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Review
. 2013 Oct 1;9(4):261-72.
doi: 10.4161/org.25970. Epub 2013 Aug 8.

Hypoxia-based Strategies for Angiogenic Induction: The Dawn of a New Era for Ischemia Therapy and Tissue Regeneration

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Free PMC article
Review

Hypoxia-based Strategies for Angiogenic Induction: The Dawn of a New Era for Ischemia Therapy and Tissue Regeneration

Ektoras Hadjipanayi et al. Organogenesis. .
Free PMC article

Abstract

Therapeutic angiogenesis promises to aid the healing and regeneration of tissues suffering from a compromised vascular supply. Ischaemia therapy has so far primarily focused on delivering isolated angiogenic growth factors. The limited success of these strategies in clinical trials, however, is increasingly forcing researchers to recognize the difficulties associated with trying to mimic the angiogenic process, due to its natural complexity. Instead, a new school of thought is gradually emerging, focusing on how to induce angiogenesis at its onset, by utilizing hypoxia, the primary angiogenic stimulus in physiological, as well pathological states. This shift in therapeutic approach is underlined by the realization of the importance of depressed HIF-1 α-mediated gene programming in non-healing ischemic tissues, which could explain their apparent habituation to chronic hypoxic stress and the limited capacity to generate adaptive angiogenesis. Hypoxia-based strategies, then effectively aim to override the habituated angiogenic cellular response, re-start the regenerative process and drive it to completion. Here we make a distinction between those strategies that utilize hypoxia in vitro as a preconditioning tool to optimize the angiogenic potential of tissue/cells before transplantation, vs. strategies that aim to induce hypoxia-induced signaling in vivo, directly, through pharmacological means or gene transfer. We then discuss possible future directions for the field, as it moves into the phase of clinical trials.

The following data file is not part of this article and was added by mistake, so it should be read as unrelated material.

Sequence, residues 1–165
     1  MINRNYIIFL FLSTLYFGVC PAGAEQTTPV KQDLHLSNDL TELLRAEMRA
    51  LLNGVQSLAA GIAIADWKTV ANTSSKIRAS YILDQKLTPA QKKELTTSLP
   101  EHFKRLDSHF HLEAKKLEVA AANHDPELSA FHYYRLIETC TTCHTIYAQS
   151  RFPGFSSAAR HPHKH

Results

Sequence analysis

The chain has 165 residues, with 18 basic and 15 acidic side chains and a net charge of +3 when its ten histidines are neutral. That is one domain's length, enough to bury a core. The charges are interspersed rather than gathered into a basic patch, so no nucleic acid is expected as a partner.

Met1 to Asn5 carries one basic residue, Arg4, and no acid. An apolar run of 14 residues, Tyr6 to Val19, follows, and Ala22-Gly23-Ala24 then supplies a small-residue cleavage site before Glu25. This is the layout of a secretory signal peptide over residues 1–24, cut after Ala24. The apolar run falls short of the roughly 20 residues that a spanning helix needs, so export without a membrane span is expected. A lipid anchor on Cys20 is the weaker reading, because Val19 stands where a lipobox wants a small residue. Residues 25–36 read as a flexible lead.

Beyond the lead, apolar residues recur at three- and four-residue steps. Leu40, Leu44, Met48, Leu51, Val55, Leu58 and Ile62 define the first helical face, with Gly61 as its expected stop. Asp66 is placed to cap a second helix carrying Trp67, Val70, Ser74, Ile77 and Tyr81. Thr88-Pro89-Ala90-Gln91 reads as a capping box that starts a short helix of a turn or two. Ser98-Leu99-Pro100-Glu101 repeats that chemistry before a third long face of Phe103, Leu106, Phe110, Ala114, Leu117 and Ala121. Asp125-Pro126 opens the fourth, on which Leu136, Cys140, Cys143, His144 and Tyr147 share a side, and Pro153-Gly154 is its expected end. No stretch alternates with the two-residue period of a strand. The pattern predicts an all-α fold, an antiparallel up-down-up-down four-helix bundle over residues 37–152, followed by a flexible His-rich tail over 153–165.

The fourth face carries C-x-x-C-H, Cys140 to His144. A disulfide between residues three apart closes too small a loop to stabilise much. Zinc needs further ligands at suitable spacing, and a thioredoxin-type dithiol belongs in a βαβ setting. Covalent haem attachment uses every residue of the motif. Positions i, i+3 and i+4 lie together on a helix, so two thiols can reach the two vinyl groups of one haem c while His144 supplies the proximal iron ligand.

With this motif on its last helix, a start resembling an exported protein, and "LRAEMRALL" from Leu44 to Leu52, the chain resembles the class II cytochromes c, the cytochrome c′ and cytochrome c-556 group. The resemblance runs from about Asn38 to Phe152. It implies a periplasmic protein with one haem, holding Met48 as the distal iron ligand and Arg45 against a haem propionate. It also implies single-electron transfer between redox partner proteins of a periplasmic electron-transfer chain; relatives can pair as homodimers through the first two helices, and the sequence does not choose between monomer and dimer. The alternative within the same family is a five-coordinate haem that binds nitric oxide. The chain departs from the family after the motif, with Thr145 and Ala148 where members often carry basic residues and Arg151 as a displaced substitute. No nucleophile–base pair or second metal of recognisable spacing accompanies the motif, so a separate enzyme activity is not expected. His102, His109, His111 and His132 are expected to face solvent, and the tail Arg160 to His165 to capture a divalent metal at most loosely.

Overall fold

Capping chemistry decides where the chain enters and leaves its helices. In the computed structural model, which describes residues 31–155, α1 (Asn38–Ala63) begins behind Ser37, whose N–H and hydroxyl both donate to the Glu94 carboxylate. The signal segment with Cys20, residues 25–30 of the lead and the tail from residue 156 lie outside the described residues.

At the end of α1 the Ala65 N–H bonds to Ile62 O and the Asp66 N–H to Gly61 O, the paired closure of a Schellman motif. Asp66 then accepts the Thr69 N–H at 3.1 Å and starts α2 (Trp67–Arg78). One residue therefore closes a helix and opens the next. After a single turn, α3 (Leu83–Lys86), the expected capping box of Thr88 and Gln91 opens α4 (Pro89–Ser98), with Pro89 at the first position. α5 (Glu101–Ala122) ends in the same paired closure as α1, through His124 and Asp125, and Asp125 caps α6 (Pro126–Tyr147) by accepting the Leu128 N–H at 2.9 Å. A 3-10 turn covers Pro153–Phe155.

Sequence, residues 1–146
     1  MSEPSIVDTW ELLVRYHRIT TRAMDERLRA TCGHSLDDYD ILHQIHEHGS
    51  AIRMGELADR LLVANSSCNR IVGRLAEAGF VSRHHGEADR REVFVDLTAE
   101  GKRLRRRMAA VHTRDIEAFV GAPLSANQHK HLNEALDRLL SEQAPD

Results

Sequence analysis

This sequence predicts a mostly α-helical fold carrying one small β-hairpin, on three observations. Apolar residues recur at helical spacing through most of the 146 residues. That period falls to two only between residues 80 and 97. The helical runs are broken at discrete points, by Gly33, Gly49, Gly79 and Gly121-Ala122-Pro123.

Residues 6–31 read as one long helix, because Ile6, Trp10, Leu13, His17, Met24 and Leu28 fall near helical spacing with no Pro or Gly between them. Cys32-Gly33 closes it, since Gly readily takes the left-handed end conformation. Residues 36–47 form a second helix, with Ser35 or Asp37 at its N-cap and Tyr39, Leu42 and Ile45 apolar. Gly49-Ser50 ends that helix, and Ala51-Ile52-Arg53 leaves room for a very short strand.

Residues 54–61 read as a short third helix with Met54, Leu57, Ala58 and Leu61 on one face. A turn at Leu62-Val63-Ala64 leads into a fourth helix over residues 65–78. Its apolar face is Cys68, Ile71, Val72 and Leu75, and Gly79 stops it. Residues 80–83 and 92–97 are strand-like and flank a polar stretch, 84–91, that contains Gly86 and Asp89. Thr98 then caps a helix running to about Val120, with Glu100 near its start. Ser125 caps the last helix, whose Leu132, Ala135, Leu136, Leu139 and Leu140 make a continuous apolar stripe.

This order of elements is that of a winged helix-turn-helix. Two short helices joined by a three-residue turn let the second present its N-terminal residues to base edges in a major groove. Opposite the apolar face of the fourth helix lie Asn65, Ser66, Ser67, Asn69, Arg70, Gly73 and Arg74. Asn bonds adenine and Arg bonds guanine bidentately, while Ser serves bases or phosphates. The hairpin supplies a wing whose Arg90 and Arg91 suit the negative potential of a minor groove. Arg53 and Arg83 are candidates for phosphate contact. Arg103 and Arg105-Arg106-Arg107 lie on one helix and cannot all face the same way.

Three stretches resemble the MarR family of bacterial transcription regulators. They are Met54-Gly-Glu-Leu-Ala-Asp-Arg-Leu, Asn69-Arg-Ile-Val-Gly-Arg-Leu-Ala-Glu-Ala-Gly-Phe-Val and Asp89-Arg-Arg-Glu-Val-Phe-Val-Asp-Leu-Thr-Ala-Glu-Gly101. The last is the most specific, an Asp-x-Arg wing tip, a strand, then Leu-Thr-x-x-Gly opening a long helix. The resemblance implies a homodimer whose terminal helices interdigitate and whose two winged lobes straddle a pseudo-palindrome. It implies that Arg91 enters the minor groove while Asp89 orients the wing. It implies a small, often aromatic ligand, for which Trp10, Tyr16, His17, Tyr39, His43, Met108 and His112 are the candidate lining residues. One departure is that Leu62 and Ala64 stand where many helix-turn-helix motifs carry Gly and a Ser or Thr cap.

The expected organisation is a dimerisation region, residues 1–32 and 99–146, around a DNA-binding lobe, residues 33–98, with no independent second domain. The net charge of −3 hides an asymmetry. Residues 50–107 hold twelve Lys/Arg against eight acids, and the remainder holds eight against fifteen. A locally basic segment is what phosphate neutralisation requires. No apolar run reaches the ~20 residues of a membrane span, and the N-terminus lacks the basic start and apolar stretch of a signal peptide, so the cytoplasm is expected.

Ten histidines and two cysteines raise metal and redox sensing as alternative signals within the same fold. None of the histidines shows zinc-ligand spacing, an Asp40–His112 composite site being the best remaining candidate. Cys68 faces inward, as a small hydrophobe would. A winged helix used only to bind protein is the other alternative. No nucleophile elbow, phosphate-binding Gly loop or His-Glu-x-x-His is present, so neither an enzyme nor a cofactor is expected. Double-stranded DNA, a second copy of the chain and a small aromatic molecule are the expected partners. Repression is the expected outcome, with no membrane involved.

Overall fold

Keywords: HIF1 stabilization; Ischaemia; angiogenesis; gene transfer; hypoxia; pre-conditioning; therapy.

Figures

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Figure 1. Flow diagram showing the chronological development of strategies targeting therapeutic angiogenesis for tissue ischemia. Following the limited success of single factor (primarily VEGF) administration in clinical trials, hypoxia-based strategies have emerged (dotted line) as a new approach that promises to provide a solution to inducing a robust, yet physiological angiogenic response, while avoiding the common side effects associated with mono-therapy. Strategies shown above the time axis represent those therapies that focus on directly inducing hypoxia-mediated angiogenic signaling in vivo, while strategies shown below the axis are those based on in vitro hypoxic pre-conditioning before in vivo cell/tissue transplantation. On the right end of the axis, a range of newer strategies are presented, which are likely to play a key role as the field moves into the phase of clinical trials.
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Figure 2. Schematic showing the chronological progression of the physiological, and then pathological processes, that set in following an ischemic event. A multi-modal therapeutic strategy (shown in italics) should focus at first providing immediate angiogenic support by delivering of on-demand available factor protein mixtures, obtained from in vitro pre-conditioned hypoxic cell cultures, in order to prevent the regression of newly-formed vessels and permanent tissue damage, resulting from a gradual reduction in cellular response to chronic hypoxic stress (dashed line). At the same time, chemical HIF stabilization and/or induction of HIF-mediated signaling through gene transfer will ensure a continuous supply of angiogenic factors, to sustain tissue repair/regeneration. At a later stage, transplantation of hypoxia pre-conditioned cells can aid in re-establishing a healthy, angiogenic cell population at the target site, so that similar future episodes can be prevented. The therapeutic timeline of this approach (t2), therefore follows in ‘reverse’ order the timeline of the physiological tissue response to hypoxia (t1), thus stimulating/supporting angiogenesis, and driving it to completion.

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